With both feet still planted firmly in Ministry territory, Jourgensen shows no real interest in wanting to change or update his sound. If you enjoyed his particular brand of fast, obnoxious, Industrial noise before, then the chances are that this will float your boat just as much. If you want growth or innovation, then you’re probably going to be disappointed. But something tells me Uncle Al doesn’t give one single, solitary fuck about that.
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In some circles, Ministry are spoken of in tones reserved elsewhere for Slayer. Reverence for their classic material combined with dissatisfaction over their current direction marks them as one of the “Untouchable Greats” in their field. This live DVD shows them touring their 2012 comeback album Relapse shortly before the death of guitarist Mike Scaccia, and is dedicated to his memory.
Having not paid serious attention to the band since 96’s Filthpig, my first observation about Last Tangle In Paris (UDR Music) was how the band have changed. Focussing heavily on tracks written without Paul Barker, we see a band operating comfortably somewhere between generic Groove Metal and mid-period Sepultura – crunchy, thrashy Metal built around repetitive grooves and simple choruses. Where Al Jourgensen once adopted a different vocal style for each song, he now employs the same angry sneer throughout, and their genre-defining “industrial” elements are now largely restricted to the use of samples and effects.
No band with their reputation can completely ignore the past, of course, and a barrage of four tracks finishes the set. Certainly crowd-pleasing, this section unfortunately raises its own problems; not only the contrast with the newer tracks, but also the authenticity of Jourgensen’s vocals. Put simply, the vocal performances on the classics are absolutely note-perfect imitations of the versions recorded two decades ago, and sometimes visibly out of synch with what Jourgensen appears to be singing.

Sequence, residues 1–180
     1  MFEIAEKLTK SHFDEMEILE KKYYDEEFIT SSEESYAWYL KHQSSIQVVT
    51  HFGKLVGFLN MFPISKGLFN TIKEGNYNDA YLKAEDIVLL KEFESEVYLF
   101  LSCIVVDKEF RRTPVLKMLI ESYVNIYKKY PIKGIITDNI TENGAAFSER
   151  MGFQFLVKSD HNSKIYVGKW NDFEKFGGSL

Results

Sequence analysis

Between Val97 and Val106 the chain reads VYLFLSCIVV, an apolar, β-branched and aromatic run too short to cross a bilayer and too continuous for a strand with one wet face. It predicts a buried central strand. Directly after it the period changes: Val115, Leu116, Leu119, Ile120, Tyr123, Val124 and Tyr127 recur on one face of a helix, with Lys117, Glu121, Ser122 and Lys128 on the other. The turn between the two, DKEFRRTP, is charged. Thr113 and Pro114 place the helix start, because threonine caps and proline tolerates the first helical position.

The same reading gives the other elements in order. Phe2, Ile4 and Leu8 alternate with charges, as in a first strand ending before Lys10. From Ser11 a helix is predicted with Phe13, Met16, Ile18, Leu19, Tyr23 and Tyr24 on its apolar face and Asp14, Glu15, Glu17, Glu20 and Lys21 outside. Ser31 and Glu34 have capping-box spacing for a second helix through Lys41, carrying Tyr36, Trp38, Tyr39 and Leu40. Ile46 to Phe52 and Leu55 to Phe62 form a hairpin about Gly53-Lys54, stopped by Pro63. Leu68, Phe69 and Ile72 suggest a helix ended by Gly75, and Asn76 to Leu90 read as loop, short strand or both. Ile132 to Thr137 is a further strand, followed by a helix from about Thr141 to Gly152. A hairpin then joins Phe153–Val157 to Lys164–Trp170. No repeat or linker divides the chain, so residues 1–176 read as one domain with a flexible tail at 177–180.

A live DVD is about more than just the music, of course, and Last Tangle… aims to show us a band struggling to come to terms with their grief. Rehearsal footage featuring Scaccia is interesting for fans, but the poor sound quality reduces the value of these sections. Interviews with most of the current line-up cast light on their grieving process, and Jourgensen in particular speaks humbly and openly about the impact that Scaccia’s loss has had upon the band and his own life. Laudable and occasionally genuinely touching, but overall Last Tangle… is unlikely to be of much interest to anyone other than serious fans of their recent material.
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With Ministry on the verge of disappearing the vaults are opened once more and this time around Jourgensen and Co decided to release a live CD/DVD package entitled, Enjoy The Quiet – Live At Wacken 2012. Continue reading
With 2007’s The Last Sucker Ministry mainman Al Jourgensen claimed it would his band’s final act of musical defiance. Yet in 2012 another album emerged under the Relapse moniker. Al wasn’t too happy being cajoled in another Ministry adventure by his bandmates, but it was a far more inspired effort than its predecessor and an excellent album to go out with a bang. As with 2013, you guessed it Al released another Ministry album, entitled From Beer To Eternity… Continue reading